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Shelia Mader

Shelia Mader

Sports Editor

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Jane Ludlum Pender Private Art Collection on Display at Chipola

Jackson County has been very blessed with an abundance of talent and at the top of that list would be the late Jane Ludlum Pender. Jane Pender passed away at age 57 in 2004. Although her passing left an emptiness with her family and to the fine arts world, her works continue to enrich those who are privileged to see or own any of her works.

Through the kindness of her children, her private collection will be on loan to Chipola beginning today. At 6 p.m. this evening, a Gallery opening will be held in the Chipola College Center for the Arts Gallery. Pender is remembered for her love of history and her ability to capture in great detail life in the Chipola District.

Pender studied art at the University of Alabama as well as under numerous instructors. She won numerous awards for her paintings and drawings, many of which are featured in the book, Jackson County Florida, A History.

Pender had four children, Laurence, III, Patti Pender Johnson, Elizabeth Pender Glover, and Adris Pender. They all have the same adoration and love for her and the morals she bestowed on them. Laurence says, “My mother was a very demanding person, would not accept failure. She wanted us to be successful. She always served her plate last, made sure her children had what we needed first. My mom wanted to make sure they could provide for us what they could, maybe wasn’t the best there was, but it was always what we needed. Momma and daddy wanted us to be able to make a living with our hands. Her art spilled over to us and we are successful because of that. But most of all, she loved doing what she did.”

Patti reiterates much of the same, “I was the youngest, only three years difference in the four kids. She expected me to do my best, to do it right no matter what it was. I attribute my success in sports to living by her inspiration. She was like that by her drawing, she wanted it to be the best.”

A Community Comes Together

It has often been said “It takes a community to raise a child.” This past weekend, a community came together for a local farm family in a way like no other community could have. Jackson County has always been known for its giving families, individuals, and businesses. The Todd Mason family has been plagued with misfortune due to an illness to Todd. This marks his eighth week of being unable to tend to his 300 acre farm due to hospitalization.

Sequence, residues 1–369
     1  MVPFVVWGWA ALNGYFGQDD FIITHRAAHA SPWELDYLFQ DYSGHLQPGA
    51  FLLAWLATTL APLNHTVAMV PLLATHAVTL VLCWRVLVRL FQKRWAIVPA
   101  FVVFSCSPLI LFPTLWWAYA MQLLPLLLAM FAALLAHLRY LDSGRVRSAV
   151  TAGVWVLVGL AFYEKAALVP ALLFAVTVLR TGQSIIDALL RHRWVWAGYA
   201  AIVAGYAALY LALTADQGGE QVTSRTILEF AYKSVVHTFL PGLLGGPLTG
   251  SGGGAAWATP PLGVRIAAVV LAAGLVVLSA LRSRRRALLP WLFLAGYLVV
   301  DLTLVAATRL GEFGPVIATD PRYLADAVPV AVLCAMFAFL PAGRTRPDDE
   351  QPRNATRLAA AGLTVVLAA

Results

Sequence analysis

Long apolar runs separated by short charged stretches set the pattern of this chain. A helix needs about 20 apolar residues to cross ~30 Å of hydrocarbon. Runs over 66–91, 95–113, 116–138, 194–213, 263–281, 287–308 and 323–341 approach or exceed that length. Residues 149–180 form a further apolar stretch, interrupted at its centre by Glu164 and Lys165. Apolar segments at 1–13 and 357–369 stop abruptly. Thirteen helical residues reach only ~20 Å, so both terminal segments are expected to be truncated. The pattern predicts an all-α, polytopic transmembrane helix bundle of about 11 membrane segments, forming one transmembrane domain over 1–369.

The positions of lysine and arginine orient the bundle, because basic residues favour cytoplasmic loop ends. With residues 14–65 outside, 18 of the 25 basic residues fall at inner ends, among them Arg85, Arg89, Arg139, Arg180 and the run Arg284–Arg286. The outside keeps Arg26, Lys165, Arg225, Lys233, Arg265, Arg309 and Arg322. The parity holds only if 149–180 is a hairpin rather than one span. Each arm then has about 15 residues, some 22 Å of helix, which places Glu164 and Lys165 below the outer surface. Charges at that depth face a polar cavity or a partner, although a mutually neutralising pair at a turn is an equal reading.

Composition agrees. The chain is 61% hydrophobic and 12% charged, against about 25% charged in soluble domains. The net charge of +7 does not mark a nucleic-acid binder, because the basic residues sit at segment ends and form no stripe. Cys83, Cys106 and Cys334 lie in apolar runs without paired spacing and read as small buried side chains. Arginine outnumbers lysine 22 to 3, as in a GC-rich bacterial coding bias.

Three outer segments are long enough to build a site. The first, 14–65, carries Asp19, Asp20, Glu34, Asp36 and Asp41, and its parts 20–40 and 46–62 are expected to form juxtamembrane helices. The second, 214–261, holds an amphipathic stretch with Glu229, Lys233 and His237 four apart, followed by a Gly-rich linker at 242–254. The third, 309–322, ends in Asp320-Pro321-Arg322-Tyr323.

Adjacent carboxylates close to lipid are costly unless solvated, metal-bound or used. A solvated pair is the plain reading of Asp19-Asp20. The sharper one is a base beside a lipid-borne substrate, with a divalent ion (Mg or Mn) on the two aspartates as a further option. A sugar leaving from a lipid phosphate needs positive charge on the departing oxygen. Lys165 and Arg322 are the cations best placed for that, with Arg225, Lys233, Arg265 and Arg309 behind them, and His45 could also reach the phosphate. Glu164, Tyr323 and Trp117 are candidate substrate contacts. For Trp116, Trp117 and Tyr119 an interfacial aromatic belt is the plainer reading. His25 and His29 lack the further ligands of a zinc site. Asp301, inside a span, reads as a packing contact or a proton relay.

The family received word this week that Todd will undergo surgery Friday. Results of that surgery are uncertain but the family, and a community of family, friends, and supporters are prayerful it will turn out well. With all this going on, wife Amy has had to juggle time on the road back and forth to Birmingham with two children, both who are in school. Their son Bradley is ten years old and their daughter Olivia Kate is five.

Tears rolled Saturday when they were notified that seven farming families, using their own equipment, and bringing helpers and laborers were gathering at the Campbellton farm to gather Todd’s peanuts. The day was long but everyone there were more than happy to have done this.

David DeFelix played a huge part in making this happen and was more than glad to have done it, “Todd would’ve done the same thing for any of us here. He was more than happy to help anyone in need. I was glad to be there and glad to see the turnout we had.”

Farms that were represented were Timmy Lassiter with Lassiter Farms, Dexter Gilbert with Gilbert Farms, Christopher Dietrich with Dietrich Farms, David DeFelix with DeFelix Farms.

Those who came to work were Rob Burke, Jeff Fowler, Skyler Singletary, Islam Birtt, Alan, Lonnie Gilbert, Jason Fowler, Brandon Pippin, Alan Holley, Aaron Taylor, Gerald Mason, Chad Mason, Reggie Britt, Kim DeFelix, Trent DeFelix.

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